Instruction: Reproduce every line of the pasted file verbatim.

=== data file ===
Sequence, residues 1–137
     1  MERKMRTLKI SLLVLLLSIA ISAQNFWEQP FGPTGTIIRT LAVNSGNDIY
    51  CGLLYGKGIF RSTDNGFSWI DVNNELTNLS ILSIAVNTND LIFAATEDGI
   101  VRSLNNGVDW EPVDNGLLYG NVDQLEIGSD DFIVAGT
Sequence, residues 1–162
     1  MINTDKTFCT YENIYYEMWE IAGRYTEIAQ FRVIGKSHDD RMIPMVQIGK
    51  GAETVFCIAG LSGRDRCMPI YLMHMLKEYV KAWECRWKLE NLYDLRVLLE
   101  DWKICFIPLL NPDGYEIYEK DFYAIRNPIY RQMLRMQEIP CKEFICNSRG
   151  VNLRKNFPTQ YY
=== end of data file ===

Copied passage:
Sequence, residues 1–137
     1  MERKMRTLKI SLLVLLLSIA ISAQNFWEQP FGPTGTIIRT LAVNSGNDIY
    51  CGLLYGKGIF RSTDNGFSWI DVNNELTNLS ILSIAVNTND LIFAATEDGI
   101  VRSLNNGVDW EPVDNGLLYG NVDQLEIGSD DFIVAGT
Sequence, residues 1–162
     1  MINTDKTFCT YENIYYEMWE IAGRYTEIAQ FRVIGKSHDD RMIPMVQIGK
    51  GAETVFCIAG LSGRDRCMPI YLMHMLKEYV KAWECRWKLE NLYDLRVLLE
   101  DWKICFIPLL NPDGYEIYEK DFYAIRNPIY RQMLRMQEIP CKEFICNSRG
   151  VNLRKNFPTQ YY